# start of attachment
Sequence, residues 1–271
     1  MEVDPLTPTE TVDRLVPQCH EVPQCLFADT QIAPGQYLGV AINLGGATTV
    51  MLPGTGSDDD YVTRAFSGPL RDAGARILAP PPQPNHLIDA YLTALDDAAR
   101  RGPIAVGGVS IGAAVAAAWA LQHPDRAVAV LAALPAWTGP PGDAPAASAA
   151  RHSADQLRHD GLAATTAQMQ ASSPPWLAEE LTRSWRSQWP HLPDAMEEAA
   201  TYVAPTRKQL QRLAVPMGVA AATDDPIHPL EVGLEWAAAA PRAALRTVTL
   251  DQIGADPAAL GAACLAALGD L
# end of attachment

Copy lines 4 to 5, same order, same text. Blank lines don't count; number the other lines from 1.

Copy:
   101  RGPIAVGGVS IGAAVAAAWA LQHPDRAVAV LAALPAWTGP PGDAPAASAA
   151  RHSADQLRHD GLAATTAQMQ ASSPPWLAEE LTRSWRSQWP HLPDAMEEAA